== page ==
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Rated R, Rihanna

The pop star returns after a harrowing personal trauma

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Rihanna | A HARD R Rihanna's first album since the Chris Brown incident is raw and angry

Rihanna may still have her umbrella (ella, ella), but all offers to stand under it are off. If 2007?s multiplatinum chart beast Good Girl Gone Bad was her gleaming pop opus, Rated R is a defiant middle finger to all that—a posttraumatic diary built on furious bravado, rampant profanity, and the bruising fallout from her February assault at the hands of then boyfriend Chris Brown.

Granted, the 21-year-old Barbadian star has spent the last five years shedding successive skins—first emerging as the blithe island princess of her 2005 debut, Music of the Sun, then remolded into the nascent urban Lolita of ?06?s A Girl Like Me and the increasingly provocative baby diva of Gone Bad. Here, the material is almost obsessively dark and mono-focused, from the not-difficult-to-parse metaphors in shuddering first single ?Russian Roulette? to the self-lacerating balladry of ?Stupid in Love.?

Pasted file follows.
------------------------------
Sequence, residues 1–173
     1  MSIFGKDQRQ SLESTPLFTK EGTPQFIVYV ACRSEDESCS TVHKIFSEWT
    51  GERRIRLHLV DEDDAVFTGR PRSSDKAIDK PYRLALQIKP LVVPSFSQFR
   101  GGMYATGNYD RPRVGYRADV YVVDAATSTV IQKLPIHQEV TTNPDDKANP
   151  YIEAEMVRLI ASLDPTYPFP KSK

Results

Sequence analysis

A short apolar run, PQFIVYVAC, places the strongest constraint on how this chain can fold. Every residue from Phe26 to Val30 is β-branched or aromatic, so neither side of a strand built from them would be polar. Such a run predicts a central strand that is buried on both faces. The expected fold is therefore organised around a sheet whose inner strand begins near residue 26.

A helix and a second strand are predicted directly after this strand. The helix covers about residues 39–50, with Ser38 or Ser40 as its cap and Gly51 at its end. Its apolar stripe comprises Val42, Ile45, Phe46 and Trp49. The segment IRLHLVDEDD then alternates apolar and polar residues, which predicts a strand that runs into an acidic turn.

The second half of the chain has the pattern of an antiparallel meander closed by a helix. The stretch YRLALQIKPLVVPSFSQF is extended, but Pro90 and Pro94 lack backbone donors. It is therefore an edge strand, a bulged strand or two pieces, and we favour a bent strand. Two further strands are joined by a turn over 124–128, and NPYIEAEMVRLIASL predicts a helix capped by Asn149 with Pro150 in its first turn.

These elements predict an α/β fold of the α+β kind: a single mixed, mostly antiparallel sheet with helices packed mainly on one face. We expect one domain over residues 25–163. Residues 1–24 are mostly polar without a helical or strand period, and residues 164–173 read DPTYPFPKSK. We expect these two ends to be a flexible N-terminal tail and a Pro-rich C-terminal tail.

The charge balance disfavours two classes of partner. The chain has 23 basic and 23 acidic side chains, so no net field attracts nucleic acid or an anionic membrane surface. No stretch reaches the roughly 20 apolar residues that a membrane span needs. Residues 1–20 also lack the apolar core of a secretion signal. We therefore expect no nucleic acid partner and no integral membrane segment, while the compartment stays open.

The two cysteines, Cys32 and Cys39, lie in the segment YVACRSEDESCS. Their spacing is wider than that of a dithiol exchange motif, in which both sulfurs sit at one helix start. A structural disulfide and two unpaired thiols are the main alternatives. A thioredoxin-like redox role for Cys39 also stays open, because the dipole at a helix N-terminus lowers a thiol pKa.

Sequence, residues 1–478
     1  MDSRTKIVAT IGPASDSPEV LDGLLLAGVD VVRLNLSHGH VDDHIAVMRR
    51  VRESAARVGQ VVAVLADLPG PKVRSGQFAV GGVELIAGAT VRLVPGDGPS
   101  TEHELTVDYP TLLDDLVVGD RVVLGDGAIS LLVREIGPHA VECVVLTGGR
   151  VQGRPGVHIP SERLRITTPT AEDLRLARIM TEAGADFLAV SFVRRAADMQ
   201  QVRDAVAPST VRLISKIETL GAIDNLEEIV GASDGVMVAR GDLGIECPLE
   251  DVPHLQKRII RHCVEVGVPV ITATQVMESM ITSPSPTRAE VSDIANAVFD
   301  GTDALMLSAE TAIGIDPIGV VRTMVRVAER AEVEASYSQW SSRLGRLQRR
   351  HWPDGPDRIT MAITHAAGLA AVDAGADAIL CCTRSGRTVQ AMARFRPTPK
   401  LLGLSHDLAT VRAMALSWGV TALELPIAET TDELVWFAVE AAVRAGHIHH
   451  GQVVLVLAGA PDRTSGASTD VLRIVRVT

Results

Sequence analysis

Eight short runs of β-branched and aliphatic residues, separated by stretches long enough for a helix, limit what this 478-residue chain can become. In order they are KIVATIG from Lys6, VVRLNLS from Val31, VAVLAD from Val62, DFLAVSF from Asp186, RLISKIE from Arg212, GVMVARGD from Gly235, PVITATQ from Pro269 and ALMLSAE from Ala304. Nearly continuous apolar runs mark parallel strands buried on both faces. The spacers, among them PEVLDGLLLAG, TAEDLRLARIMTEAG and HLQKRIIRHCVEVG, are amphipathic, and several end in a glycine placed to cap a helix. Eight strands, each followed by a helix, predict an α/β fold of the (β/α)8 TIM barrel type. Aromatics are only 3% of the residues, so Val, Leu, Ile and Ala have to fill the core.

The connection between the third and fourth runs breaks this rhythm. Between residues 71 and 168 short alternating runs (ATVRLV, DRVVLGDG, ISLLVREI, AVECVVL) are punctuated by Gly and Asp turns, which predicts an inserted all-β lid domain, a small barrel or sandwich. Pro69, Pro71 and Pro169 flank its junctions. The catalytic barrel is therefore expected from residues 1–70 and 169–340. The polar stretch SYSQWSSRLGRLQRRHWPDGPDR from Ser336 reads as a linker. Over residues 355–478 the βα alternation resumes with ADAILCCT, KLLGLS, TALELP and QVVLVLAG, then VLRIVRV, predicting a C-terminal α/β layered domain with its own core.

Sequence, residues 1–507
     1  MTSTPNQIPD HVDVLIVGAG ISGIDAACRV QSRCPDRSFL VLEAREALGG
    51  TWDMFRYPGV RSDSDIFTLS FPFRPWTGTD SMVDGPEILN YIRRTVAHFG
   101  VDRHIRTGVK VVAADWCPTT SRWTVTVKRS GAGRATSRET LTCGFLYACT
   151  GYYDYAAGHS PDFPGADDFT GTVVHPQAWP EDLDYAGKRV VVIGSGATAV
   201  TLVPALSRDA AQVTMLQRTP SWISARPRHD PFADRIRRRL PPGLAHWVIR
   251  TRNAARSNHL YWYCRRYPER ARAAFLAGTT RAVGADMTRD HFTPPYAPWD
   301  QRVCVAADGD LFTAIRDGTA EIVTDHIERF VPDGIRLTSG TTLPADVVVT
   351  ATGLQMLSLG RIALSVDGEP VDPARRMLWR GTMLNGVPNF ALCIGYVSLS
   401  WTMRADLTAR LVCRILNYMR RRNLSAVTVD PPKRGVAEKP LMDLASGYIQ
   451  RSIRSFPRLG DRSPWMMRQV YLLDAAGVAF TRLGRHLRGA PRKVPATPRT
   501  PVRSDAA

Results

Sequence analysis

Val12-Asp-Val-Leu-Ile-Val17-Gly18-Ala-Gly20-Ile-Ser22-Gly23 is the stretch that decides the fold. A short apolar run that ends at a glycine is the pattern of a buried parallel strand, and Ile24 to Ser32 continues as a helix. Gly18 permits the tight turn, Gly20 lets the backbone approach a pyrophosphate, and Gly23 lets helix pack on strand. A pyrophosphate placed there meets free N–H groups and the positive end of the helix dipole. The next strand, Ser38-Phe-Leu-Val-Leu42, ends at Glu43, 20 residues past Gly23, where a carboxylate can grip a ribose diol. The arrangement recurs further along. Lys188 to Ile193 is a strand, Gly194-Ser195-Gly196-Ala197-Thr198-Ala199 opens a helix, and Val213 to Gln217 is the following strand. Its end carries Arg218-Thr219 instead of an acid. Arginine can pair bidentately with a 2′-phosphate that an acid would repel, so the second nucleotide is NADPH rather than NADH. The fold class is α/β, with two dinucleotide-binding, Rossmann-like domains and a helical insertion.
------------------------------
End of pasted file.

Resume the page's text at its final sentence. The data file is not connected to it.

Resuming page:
Throughout, Rihanna dons hip-hop swagger like borrowed armor, leaning heavily on her Caribbean accent and unleashing a string of baddest-bitch boasts via dancehall-riddim?d bangers like ?Hard,? ?G4L,? and ?Wait Your Turn.? But R is also spiked with aggressive guitars, from the Slash-guesting ?Rockstar 101? to the shamelessly ?Purple Rain?-riffing coda, ?The Last Song.? A genuine moment of vulnerability plays stunningly on the meticulously layered ?Cold Case Love,? penned by Justin Timberlake. Still, Rated R rarely delivers Top 40 fodder. Instead, it?s a raw, often unsettling portrait of an artist who is, she insists, no longer a Girl at all. B